Bill would repeal in-state tuition for immigrants

The Education Committee heard testimony Feb. 7 on a bill that would repeal in-state tuition rates at Nebraska’s universities and colleges for children of illegal immigrants who are not lawfully present in the United States.

State legislation passed in 2006 offered in-state tuition to students who:

  • resided with his or her parent, guardian or conservator while attending a public or private high school in Nebraska;
  • graduated from a Nebraska high school or received the equivalent of a high school diploma;
  • resided in Nebraska for at least three years before the date the student graduated from high school or received the equivalent of a high school diploma;
  • have the bona fide intention to make Nebraska his or her permanent residence;
  • are registered as an entering student in a state postsecondary educational institution no earlier than the 2006 fall semester; and
  • provided to the state postsecondary educational institution an affidavit stating that he or she will file an application to become a permanent resident at the earliest opportunity he or she is eligible to do so.

Fremont Sen. Charlie Janssen, introducer of LB657, said children of illegal immigrants should not be considered residents of the state and therefore are not eligible to receive in-state tuition rates.

“Nebraska should not grant in-state tuition to illegal immigrants unless they do to all citizens,” Janssen said.

Giving a benefit or subsidy to someone who is not lawfully present and denying it to someone who is lawfully present is in direct violation of federal law, he said.

Dale Monsell, representing Nebraska Taxpayers for Freedom, testified in support of the bill.

These students are not legally employable in the U.S. after they graduate, Monsell said, and their education should be the responsibility of their nation of origin.

John Wiegert, a resident of Fremont and supporter of the bill, said in-state tuition for illegal immigrants directly rewards people for their parents’ illegal acts.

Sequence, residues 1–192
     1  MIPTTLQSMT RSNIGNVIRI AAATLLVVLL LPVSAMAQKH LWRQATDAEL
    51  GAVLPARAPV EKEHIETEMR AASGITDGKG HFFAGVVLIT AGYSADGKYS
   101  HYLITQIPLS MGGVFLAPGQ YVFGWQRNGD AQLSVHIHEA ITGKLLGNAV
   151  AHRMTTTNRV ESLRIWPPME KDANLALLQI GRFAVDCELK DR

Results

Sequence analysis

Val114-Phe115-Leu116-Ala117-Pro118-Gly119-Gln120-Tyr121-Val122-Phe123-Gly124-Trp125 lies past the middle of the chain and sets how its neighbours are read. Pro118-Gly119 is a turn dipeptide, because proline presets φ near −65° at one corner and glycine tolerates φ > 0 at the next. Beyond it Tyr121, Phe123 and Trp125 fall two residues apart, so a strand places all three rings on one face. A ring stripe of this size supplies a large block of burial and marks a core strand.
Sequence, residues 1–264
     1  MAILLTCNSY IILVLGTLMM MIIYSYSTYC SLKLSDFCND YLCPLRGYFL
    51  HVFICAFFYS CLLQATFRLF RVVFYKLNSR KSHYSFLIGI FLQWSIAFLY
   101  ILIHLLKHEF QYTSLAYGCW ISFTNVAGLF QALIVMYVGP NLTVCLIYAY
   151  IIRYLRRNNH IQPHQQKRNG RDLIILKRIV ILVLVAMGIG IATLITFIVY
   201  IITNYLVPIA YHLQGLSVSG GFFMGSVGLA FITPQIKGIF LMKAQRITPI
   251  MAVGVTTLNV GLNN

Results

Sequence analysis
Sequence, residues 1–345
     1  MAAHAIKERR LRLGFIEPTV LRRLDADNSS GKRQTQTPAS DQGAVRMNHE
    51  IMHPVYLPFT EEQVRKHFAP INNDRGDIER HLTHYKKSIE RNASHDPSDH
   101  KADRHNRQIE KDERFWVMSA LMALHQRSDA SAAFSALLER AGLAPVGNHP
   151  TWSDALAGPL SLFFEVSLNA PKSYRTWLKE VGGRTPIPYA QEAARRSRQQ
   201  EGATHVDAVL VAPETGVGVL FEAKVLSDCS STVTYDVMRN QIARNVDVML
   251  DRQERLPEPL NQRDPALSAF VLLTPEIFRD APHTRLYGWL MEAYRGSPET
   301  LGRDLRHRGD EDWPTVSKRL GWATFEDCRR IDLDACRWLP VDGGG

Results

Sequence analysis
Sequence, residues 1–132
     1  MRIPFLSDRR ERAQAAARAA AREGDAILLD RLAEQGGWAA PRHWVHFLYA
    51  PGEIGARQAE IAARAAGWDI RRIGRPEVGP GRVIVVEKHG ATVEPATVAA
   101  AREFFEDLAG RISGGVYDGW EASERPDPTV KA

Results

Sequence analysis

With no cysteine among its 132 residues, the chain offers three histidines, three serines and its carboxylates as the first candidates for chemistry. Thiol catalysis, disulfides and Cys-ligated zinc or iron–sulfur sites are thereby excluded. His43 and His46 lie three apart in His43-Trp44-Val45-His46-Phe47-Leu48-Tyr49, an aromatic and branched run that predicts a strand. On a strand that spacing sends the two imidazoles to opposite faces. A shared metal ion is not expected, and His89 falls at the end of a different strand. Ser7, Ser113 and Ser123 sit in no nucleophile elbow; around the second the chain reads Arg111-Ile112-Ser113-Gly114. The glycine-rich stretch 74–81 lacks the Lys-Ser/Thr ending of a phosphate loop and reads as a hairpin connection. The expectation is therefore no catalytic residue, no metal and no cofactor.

Shirley Mora James, president of the Nebraska Hispanic Bar Association, testified in opposition to the bill.

According to U.S. Immigration and Customs Enforcement, Mora James said, granting in-state tuition to an undocumented student is not one of the benefits regulated by illegal immigration reform.

Individual states must decide whether or not to allow illegal immigrants to attend postsecondary institutions, she said, and the state of Nebraska has the authority to grant admission to undocumented students if it chooses to do so.

J.B. Milliken, president of the University of Nebraska, also opposed LB657.

The ability of undocumented young people to contribute to the state’s economy depends on their education, Milliken said in a letter to the committee.

The state claims that education is a priority, he said, so repealing a law that promotes education is counterproductive.

Rev. Howard Dotson of the Westminister Presbyterian Church testified in opposition to the bill, saying education plays an important role in the Latino community.

Nationwide, 50 percent of Latino youth fail to graduate high school, Dotson said. Having more Latino high school graduates in Nebraska who attend college will provide the community with invaluable mentors, he said.

The committee took no immediate action on the bill.

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